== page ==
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Does a Return to Warlord Rule Await Post-NATO Afghanistan?

Though NATO-led efforts have focused on democracy, U.S. forces still rely on strongmen

Image: Afghanistan's President Hamid Karzai greets General Petraeus during the funeral ceremony for his younger brother Karzai at the presidential palace in Kabul
Afghanistan’s President Hamid Karzai (left) greets General David Petraeus, commander of U.S. and NATO forces in Afghanistan during the funeral ceremony for his assassinated younger brother Ahmad Wali Karzai at the presidential palace in Kabul July 15, 2011. (Photo credit: Pool / Reuters)

By Tom A. Peter
Christian Science Monitor on
August 8, 2011

KANDAHAR CITY, AFGHANISTAN — In his sprawling office in Kandahar’s gubernatorial palace, Tooryali Wesa spends much of his day behind an imposing hand-carved wooden desk. … The room is a virtual shrine to governance and an apparent testament to the power of the political office.

But in Afghanistan, things are rarely what they seem.

For years, Kandaharis have made it no secret that, while they respect Mr. Wesa, his position is largely symbolic. To get things done, they turn to the region’s power brokers and warlords. …

The possibility that power brokers and warlords in Afghanistan might be what keeps the country from unraveling has had analysts concerned, but the recent assassination of Ahmad Wali Karzai, one of the most powerful strongmen in Afghanistan, and the ensuing struggle in Kandahar for power, has brought the issue into sharp focus as the US begins to draw down forces. …

Though much of the international effort here has focused on strengthening democratic institutions, foreign forces have often had to lean on strongmen. As a result, a new generation of warlords has risen to power, fueled by US money. …

Read the full article, “Will Afghanistan return to an era of warlord rule after NATO leaves?” at


8/27/2012 Update


Images of U.S. soldiers killed in Afghanistan a ‘bold move’ (NBC Nightly News, Aug. 22, 2012) — NBC’s Richard Engel discusses the troop “surge” in Afghanistan – something touted as a success by the military, but questioned by many Afghans and also some in the U.S. who worry the troops will leave in 2014 with Afghanistan as a failed state. (01:41)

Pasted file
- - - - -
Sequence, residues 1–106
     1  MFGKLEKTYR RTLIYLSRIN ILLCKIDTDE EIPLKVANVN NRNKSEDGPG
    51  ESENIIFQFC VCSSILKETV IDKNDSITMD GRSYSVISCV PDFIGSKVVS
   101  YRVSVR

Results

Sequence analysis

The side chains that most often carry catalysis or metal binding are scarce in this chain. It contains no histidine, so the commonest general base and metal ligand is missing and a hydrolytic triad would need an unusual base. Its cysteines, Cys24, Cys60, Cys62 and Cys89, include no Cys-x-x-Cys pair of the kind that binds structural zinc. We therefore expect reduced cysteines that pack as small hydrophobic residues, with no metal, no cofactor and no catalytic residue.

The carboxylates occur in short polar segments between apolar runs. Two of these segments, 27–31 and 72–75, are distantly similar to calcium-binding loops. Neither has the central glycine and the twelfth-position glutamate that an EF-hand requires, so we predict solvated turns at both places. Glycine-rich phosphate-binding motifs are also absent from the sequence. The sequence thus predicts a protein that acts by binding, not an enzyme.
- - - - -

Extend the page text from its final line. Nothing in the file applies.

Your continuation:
Related reports on this site

Image: Afghan tribal leaders and district officials
Afghan tribal leaders and district officials drink tea during a dialogue session with U.S. Lt. Col. William Clark, background right, at Camp Costell, in southern Afghanistan on Tuesday, Oct. 6, 2009. Clark, commander of the 5th Stryker Brigade Combat Team, 2nd Infantry Division, pledged economic and security assistance to the local leaders as part of the strategy to defeat the Taliban. (Photo credit: Romeo Gacad / AFP — Getty Images)

Taliban Attack City Handed Over to Afghan Security Forces (July 30, 2011)

Afghan President’s Brother Assassinated (July 13, 2011)

Endless U.S. War Price Tag Hits $4 Trillion (June 29, 2011)

‘Limited Chance of Success’ in Afghanistan (Dec. 15, 2010)

Breathtaking Afghan Corruption (Dec. 2, 2010)

Afghanistan War Cost Too High (Nov. 13, 2010)

Concerns Grow About Afghan War (July 17, 2010)

Afghanistan “Mission Failure” (Sept. 21, 2009)

Afghanistan in ‘Downward Spiral’ (Oct. 10, 2008)



One Year Ago — August 8, 2010

Afghanistan American Massacre

One year ago today, I reported that Taliban insurgents gunned down ten members of a Christian medical team — six Americans, two Afghans, one German, and a Briton — in Badakhshan province, Afghanistan.


Two Years Ago — August 8, 2009

Bachmann: The Empress of Exaggeration

Two years ago today, on August 8, 2009, I reported that the sheer weight and volume of Rep. Michele Bachmann’s assault on reason may have reached critical mass, crossing the tipping point beyond which Minnesota media could no longer tune out the insanity or avert their gaze from “The Emperor’s New Clothes” in embarrassed silence.


Three Years Ago — August 8, 2008

Campaign Against Michele Bachmann: Day 25

Three years ago today, on August 8, 2008 — the 25th day of my 2008 campaign against incumbent U.S. Rep. Michele Bachmann for the Republican nomination in Minnesota’s 6th Congressional District — I prepared for the August 9 kick-off of my walking tour from Freeport in the northwestern corner of the Sixth District to Stillwater, in the southeast on the Wisconsin border. I also posted a public service announcement to help draw attention to the sacrifice of National Guard citizen soldiers serving in Iraq and the families they leave behind.

2 Responses to “Will U.S. Leave Afghanistan a Failed State Ruled by Warlords?”
  1. Immelman for Congress » Blog Archive » U.S. Taxpayers Help Fund Killing of U.S. Troops in Afghanistan Says:

    […] Will U.S. Leave Afghanistan a Failed State Ruled by Warlords? (Aug. 8, 2011) […]

  2. Immelman for Congress » Blog Archive » Afghan War ‘Not Worth Fighting’ Says:

    […] Will U.S. Leave Afghanistan Failed State Ruled by Warlords? (Aug. 8, 2011) […]

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